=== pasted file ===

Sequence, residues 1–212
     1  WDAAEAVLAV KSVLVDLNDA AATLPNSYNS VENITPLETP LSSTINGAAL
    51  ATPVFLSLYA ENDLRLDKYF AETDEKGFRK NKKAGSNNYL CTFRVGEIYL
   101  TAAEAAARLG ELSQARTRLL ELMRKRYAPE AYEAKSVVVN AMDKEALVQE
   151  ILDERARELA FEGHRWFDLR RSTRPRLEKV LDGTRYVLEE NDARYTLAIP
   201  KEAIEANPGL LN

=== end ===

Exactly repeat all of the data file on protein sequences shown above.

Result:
Sequence, residues 1–212
     1  WDAAEAVLAV KSVLVDLNDA AATLPNSYNS VENITPLETP LSSTINGAAL
    51  ATPVFLSLYA ENDLRLDKYF AETDEKGFRK NKKAGSNNYL CTFRVGEIYL
   101  TAAEAAARLG ELSQARTRLL ELMRKRYAPE AYEAKSVVVN AMDKEALVQE
   151  ILDERARELA FEGHRWFDLR RSTRPRLEKV LDGTRYVLEE NDARYTLAIP
   201  KEAIEANPGL LN